The fact that this was a well intentioned piece of legislation designed to protect our children from viewing inappropriate material is irrelevant and should not cloud our judgment. In a civilised democracy, how can a conviction for a non existent crime possibly be considered safe or satisfactory?
This blunder was not of Labour’s making, but it is symptomatic of Gordon Brown’s undemocratic and totalitarian regime that enemies of the state must continue to bear a criminal record simply to spare the blushes of incompetent public officials.
Tuesday, 25 August 2009
Last night’s Panorama programme on BBC1 featured the plight of elderly residents living in sheltered accommodation, who are now facing the loss of their warden service.
Not The Barnet Times has reported on this shameful treatment of our elderly residents many times - enter the keyword ‘Wardens’ into the search box above right for the full listing.
Don’t Call Me Dave simply cannot comprehend how a Conservative Administration can act in such a cold, callous and calculating manner, especially when the public consultation found overwhelmingly in favour of retaining the existing service.
Barnet Council claims that changes need to be made to save £400,000. Leader Mike Freer and his sidekick Brian Coleman receive almost £200,000 a year between them in allowances from the public purse. As the Americans say: “You do the math.”
Many of the residents now facing the loss of their wardens fought for this country so that little twerps like Freer and Coleman could play at being grown up politicians. Churchill must be spinning in his grave.
Barnet is facing a legal challenge to the proposed cuts, and all decent right minded people will be hoping that it is successful. If not, rest assured that at the next election, Not The Barnet Times will remind the public precisely who voted to axe the warden service.
Thursday, 20 August 2009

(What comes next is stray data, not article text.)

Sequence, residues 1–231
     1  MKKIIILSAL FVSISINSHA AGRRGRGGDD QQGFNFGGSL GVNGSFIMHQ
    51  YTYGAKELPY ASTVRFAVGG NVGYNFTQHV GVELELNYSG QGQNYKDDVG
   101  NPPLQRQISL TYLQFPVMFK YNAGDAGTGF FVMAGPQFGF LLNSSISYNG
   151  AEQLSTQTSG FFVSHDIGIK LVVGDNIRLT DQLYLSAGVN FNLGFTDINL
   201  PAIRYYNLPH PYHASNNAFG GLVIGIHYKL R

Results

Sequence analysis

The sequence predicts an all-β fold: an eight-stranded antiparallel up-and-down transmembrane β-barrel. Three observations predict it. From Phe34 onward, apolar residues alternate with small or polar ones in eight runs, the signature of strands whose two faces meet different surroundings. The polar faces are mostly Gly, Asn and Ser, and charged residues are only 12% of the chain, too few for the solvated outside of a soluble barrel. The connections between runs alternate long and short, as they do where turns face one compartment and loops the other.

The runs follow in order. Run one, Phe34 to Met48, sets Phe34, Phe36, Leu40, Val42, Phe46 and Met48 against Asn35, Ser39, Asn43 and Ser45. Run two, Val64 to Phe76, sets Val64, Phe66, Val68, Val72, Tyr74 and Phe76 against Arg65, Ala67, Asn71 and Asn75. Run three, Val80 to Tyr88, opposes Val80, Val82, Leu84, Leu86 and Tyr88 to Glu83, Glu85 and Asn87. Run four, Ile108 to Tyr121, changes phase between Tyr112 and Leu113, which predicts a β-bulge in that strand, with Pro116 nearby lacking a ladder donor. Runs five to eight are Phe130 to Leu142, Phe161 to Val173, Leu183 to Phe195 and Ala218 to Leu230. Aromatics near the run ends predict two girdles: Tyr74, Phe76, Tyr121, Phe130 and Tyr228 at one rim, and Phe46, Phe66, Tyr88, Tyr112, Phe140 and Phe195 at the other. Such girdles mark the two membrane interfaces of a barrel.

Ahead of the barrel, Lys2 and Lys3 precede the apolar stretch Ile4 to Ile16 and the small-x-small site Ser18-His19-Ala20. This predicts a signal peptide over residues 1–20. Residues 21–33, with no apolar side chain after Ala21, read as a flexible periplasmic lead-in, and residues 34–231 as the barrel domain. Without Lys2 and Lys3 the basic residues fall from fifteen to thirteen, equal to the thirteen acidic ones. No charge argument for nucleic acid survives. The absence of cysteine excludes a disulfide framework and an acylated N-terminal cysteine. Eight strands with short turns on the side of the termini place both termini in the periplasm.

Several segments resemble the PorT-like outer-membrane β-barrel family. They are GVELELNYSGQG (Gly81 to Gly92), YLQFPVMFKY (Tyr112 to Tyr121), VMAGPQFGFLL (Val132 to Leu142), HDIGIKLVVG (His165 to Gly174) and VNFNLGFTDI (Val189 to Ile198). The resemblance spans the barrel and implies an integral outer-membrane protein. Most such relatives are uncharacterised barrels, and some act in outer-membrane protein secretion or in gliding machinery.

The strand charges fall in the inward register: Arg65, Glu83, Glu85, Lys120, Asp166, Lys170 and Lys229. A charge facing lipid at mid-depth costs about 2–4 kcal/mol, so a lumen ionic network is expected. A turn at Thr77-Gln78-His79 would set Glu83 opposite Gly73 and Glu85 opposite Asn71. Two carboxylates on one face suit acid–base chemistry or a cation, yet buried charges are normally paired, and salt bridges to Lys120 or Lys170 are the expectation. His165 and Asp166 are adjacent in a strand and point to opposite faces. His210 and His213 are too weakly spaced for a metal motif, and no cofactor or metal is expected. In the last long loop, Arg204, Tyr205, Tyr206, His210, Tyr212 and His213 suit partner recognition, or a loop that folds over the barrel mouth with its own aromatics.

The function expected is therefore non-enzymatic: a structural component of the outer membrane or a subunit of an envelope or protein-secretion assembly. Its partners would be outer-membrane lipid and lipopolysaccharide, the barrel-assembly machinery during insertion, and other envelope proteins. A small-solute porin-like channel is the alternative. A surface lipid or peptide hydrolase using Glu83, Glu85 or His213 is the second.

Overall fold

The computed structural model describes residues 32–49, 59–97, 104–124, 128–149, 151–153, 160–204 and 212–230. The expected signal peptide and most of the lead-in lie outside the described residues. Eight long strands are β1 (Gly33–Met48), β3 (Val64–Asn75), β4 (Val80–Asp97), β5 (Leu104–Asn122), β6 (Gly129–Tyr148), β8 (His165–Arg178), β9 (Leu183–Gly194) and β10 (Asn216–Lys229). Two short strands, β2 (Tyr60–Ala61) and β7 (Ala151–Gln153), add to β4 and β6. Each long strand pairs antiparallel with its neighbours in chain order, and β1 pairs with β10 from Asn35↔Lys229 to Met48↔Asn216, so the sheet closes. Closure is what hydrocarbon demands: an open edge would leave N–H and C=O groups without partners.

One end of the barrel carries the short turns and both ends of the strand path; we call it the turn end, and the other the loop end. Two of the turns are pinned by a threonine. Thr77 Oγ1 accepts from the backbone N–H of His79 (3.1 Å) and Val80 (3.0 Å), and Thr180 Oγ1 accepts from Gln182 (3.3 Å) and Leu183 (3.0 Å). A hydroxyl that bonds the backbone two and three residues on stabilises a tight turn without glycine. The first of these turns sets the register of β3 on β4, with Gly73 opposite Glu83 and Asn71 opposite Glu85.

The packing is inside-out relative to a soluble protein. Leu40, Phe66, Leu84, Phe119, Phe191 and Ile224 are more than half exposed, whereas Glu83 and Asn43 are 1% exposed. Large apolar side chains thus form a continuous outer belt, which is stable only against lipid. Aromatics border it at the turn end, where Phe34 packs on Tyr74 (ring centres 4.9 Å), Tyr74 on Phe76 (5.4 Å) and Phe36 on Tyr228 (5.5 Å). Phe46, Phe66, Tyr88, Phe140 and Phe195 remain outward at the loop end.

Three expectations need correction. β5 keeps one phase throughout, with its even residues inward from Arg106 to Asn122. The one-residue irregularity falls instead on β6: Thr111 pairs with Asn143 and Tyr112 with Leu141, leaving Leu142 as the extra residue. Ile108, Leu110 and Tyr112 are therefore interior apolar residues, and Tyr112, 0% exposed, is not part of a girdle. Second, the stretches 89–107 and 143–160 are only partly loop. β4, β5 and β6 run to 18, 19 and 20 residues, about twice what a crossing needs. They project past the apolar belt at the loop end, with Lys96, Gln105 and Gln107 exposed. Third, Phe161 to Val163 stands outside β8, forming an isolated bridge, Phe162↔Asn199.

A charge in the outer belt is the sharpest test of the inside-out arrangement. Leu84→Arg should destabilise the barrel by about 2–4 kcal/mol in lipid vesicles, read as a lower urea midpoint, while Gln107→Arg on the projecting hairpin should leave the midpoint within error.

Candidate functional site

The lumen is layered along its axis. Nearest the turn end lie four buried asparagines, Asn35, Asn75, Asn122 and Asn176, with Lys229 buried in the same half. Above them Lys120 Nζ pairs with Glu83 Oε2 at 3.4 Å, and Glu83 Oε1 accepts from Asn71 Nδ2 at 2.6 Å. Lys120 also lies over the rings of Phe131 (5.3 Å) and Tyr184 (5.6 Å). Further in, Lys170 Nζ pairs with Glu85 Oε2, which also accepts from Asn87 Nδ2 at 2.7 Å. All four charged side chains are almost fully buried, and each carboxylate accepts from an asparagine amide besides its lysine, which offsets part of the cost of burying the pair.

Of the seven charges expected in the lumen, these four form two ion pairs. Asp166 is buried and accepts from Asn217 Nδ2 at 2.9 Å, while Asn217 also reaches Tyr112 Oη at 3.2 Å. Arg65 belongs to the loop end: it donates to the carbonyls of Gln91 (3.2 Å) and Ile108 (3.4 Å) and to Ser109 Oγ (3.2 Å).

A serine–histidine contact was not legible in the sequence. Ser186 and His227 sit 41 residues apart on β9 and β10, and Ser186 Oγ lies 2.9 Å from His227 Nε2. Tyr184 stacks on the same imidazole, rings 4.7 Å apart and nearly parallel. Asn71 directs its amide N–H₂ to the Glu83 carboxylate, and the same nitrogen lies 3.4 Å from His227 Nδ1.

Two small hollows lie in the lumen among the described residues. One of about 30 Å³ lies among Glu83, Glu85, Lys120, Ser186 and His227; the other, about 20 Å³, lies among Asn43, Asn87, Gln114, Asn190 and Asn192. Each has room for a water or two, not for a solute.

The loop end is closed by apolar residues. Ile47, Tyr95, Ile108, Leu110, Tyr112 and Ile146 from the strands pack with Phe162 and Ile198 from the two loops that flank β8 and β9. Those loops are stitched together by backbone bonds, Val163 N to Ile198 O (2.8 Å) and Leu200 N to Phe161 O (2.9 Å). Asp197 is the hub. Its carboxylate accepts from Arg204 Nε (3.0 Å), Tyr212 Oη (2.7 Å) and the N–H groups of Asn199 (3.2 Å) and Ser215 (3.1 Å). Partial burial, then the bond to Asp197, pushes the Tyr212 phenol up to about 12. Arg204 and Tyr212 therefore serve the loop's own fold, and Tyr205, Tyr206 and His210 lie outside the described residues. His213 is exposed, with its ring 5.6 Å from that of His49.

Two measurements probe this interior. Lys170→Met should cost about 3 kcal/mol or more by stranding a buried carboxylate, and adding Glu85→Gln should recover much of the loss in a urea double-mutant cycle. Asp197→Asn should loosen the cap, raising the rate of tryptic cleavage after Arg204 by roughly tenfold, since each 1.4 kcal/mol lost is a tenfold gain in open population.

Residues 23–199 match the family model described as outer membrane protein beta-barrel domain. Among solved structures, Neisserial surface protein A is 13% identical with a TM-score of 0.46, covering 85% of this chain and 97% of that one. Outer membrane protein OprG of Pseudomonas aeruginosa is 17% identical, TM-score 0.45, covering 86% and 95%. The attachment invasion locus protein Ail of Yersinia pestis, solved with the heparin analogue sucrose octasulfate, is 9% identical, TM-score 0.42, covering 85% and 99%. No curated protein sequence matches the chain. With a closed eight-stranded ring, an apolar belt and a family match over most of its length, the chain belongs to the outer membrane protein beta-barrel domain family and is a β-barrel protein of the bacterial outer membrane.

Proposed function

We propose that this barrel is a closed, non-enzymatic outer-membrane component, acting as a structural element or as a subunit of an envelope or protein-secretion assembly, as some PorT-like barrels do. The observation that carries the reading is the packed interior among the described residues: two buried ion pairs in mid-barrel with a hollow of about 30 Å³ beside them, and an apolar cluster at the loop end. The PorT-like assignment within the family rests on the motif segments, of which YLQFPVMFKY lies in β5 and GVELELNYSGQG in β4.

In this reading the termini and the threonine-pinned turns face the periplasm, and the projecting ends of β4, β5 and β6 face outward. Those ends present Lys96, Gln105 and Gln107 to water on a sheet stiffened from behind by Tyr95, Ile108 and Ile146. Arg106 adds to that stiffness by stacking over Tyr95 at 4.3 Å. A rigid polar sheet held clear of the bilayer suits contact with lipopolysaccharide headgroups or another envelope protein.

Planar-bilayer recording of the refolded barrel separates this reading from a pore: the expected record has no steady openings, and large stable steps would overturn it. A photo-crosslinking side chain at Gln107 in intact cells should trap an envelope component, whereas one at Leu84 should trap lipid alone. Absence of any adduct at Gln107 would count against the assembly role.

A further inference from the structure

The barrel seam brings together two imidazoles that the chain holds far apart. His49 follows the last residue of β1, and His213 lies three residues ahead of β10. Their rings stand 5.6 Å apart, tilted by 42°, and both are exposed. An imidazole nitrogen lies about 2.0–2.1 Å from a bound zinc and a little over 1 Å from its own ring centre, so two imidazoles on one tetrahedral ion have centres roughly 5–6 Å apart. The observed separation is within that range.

Earlier this year, Not The Barnet Times revealed that in 2008/09, Cllr Brian Coleman was paid almost £103,000 in allowances for his roles on Barnet Council, the Greater London Authority (GLA) and the London Fire & Emergency Planning Authority (LFEPA).
Now for most people, £103,000 a year would be quite sufficient. But not for our Brian.
The Local Government Chronicle reports that Mr Coleman has just been appointed chairman of the Local Government Association Fire Service Management Committee, Fire Services Forum, and National Joint Council for Local Authority Fire and Rescue Services.
For his role as chairman of the Fire Service Management Committee, he will receive an allowance of £10,266. As chairman of the National Joint Council for Local Authority Fire & Rescue Services, he will receive £5,130.
All in all, Brian Coleman - who earlier this year raised infant burial charges by 6.25% - has filled his trough with another £15,396 of our money. And this is before you add in the cost of all his taxis and free dinners.
These new allowances are paid by the Local Government Association (LGA), which is a quango funded by local authorities. Barnet’s current subscription is £103,732 - nice to see that nearly 15% of our annual sub is finding its way back to such a deserving cause.
For those interested in the archaic concept of democratic accountability, you may be wondering when Mr Coleman was elected to these new roles. Well, of course, he wasn’t elected. He was appointed by fellow Tory, Cllr David Shakespeare, leader of the LGA Conservative Group.
It is somewhat ironic that in the same week as Coleman trousered these new allowances, David Cameron announced that a Conservative Government would cut Ministers’ pay. Further proof of how detached from Conservative thinking Coleman and his fellow Tory troughers on Barnet Council have become.
Thanks to Mr Toad for his Bumble / Mayor picture.
Wednesday, 19 August 2009
Perhaps Don’t Call Me Dave is turning into a grumpy
In 2001, Abdelbaset Ali al-Megrahi was convicted of the Lockerbie bombing in which 270 innocent civilians perished, and sentenced to life imprisonment. What part of ‘life’ doesn’t he understand? How about some compassion for the victims and their families?
Terrorists must piss themselves laughing at our judicial system in the knowledge that a good sob story will get them early release, even from the most heinous of crimes.
The prospect of al-Megrahi’s early release follows that of Train Robber Ronnie Biggs who was granted his freedom last week by Injustice Secretary Jack Straw. If Biggs had not escaped from custody, he would have been released decades ago. Instead he spent 36 years on the run sticking two fingers up at the British establishment and its law abiding citizens.
His sentence was 30 years and he should have served 30 years. If he died before the end of his sentence, may God have mercy on his soul, but let that be a deterrent to other criminals.
What was it Tony Blair said? Tough on crime? Don’t make me
Monday, 17 August 2009
The NHS has been the main political story in recent days following comments made by Conservative MEP Daniel Hannan.